Food-sourced microbiome drugs get $101M megaround for Flagship's Kaleido
Mining food for safer sources of chemistry, microbiome startup Kaleido has closed a $101 million megaround to push its pipeline through the clinic.
The company, founded by Flagship back in 2015, is tackling rare genetic disorders, metabolic disease, oncology, and other disease targets. And it’s got four programs already in early-stage clinical trials. Kaleido says its trials are rapidly advancing thanks to two factors: its R&D engine lets the company study the human microbiome in a lab setting, and its compound library includes “sources of chemistry predominantly found in foods, significantly reducing safety concerns.”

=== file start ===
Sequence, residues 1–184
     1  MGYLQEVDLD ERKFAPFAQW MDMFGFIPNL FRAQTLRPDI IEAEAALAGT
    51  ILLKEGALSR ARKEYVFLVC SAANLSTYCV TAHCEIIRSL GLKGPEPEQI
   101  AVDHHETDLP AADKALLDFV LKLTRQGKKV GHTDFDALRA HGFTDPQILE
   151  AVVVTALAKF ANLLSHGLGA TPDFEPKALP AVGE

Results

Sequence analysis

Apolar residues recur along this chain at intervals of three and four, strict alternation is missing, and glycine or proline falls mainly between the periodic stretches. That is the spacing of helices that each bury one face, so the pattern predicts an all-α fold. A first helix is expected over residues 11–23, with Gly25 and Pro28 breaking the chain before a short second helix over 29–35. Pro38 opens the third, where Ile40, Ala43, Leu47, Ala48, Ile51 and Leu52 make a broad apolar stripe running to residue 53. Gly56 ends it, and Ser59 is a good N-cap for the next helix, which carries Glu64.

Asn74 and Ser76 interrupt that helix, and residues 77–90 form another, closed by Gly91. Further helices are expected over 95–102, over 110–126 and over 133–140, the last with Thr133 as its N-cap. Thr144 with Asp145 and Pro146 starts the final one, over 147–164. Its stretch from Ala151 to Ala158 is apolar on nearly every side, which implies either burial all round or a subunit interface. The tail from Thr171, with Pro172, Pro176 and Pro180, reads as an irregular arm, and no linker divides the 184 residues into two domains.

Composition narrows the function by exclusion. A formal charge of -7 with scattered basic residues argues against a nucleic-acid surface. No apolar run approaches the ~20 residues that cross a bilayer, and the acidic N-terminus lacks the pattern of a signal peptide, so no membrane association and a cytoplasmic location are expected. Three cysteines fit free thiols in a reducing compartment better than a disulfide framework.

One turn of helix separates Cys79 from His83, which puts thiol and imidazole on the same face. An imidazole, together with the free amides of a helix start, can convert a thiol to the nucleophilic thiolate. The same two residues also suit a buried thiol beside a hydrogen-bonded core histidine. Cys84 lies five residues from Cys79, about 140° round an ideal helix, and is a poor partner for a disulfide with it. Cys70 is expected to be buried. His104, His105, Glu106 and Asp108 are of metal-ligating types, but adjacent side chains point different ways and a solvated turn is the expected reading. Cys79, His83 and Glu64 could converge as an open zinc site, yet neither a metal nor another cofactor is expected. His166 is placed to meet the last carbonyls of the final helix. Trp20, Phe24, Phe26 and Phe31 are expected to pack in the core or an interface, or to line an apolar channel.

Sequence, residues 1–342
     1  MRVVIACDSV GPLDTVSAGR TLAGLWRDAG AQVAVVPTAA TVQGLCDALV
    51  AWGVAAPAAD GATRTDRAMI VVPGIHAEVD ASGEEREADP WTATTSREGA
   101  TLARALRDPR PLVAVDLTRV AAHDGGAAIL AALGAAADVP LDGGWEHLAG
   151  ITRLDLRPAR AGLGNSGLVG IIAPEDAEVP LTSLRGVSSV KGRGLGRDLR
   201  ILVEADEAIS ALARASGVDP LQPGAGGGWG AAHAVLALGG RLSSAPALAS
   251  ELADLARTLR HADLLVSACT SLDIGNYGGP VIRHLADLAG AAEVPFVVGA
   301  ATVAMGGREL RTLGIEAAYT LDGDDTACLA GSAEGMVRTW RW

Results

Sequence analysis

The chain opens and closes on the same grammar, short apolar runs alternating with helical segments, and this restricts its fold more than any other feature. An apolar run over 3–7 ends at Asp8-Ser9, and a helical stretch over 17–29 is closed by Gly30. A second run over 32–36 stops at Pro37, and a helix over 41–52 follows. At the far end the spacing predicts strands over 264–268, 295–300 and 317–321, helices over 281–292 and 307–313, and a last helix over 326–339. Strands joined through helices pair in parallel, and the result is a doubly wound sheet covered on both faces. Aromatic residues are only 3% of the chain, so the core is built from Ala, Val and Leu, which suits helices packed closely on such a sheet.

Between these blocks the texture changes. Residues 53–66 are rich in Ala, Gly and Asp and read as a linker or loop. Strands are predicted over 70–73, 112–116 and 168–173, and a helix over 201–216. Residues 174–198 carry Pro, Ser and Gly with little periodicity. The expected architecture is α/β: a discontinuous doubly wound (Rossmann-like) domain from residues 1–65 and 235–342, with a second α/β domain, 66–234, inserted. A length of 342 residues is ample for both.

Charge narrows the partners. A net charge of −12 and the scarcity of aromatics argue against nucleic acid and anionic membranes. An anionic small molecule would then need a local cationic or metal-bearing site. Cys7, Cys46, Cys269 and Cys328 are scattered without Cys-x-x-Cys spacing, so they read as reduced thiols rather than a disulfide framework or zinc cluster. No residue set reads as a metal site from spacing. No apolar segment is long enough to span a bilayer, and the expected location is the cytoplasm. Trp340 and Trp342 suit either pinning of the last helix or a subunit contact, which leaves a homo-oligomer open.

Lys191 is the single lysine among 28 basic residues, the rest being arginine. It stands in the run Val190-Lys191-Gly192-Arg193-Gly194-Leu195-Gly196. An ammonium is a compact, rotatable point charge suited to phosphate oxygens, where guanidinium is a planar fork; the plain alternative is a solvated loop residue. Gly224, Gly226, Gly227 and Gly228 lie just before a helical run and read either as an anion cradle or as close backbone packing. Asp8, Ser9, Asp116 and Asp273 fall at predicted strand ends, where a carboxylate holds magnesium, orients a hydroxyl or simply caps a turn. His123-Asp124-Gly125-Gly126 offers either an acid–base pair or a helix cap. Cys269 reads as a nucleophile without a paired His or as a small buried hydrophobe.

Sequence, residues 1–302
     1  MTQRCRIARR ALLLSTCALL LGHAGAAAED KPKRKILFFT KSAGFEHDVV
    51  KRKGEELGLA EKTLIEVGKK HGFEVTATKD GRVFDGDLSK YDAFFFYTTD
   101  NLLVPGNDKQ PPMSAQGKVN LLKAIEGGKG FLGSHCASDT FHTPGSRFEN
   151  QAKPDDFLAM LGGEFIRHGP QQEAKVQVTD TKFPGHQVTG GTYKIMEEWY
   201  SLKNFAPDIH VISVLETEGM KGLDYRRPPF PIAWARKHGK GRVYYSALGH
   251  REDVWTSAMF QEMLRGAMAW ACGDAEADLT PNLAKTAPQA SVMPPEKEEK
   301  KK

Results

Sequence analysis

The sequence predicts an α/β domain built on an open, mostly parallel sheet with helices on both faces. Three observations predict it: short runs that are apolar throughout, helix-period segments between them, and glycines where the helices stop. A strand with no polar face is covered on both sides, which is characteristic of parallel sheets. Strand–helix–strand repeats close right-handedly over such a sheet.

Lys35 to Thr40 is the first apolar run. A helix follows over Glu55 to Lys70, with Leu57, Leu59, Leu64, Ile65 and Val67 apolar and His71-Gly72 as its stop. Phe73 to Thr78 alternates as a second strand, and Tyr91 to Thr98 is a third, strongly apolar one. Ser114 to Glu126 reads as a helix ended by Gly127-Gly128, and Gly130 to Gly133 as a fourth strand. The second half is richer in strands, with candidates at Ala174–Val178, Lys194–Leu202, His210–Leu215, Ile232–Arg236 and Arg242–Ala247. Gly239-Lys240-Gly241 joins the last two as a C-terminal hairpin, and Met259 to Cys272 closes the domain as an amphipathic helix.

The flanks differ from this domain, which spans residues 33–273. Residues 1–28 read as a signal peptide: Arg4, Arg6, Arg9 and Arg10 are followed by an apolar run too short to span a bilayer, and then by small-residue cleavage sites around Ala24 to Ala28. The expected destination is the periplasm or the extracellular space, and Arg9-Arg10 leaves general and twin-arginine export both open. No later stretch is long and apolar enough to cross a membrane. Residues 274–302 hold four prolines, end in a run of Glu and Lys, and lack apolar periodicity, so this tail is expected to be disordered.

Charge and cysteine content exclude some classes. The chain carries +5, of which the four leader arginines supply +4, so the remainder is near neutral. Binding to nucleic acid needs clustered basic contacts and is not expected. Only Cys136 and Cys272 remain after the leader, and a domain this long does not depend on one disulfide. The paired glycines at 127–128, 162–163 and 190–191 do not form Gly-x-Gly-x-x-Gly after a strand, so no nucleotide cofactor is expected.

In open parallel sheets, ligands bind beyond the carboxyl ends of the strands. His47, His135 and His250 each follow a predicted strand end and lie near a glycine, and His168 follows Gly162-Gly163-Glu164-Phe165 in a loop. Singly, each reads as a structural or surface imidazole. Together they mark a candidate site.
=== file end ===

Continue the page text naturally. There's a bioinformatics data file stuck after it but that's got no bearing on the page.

“We believe Kaleido has the potential to break the mold of traditional therapeutic product development,” said Noubar Afeyan, founder and CEO of Flagship Pioneering, in a statement. “In just three years Kaleido has conducted 10 human clinical studies, produced a robust pipeline and assembled a world-class leadership team.”
The company’s pipeline includes two Phase II trials in hyperammonemia, a metabolic issue characterized by excessive ammonia in the blood.
Kaleido noted a key difference between its research and others in the field. To date, companies developing microbiome drugs have focused on adding or subtracting bacteria to influence the microbes in the gut. Kaleido, instead, is “developing novel chemistries to systematically drive functions of the microbiome organ.”
Interestingly, this megaround included sovereign wealth from the Abu Dhabi Investment Authority, a fund owned by Emirate of Abu Dhabi whose main source is financial surplus from oil exports. Other investors in the round included Fidelity Management and Research Company, Invus, and Rock Springs Capital, along with Kaleido’s founder, Flagship Pioneering.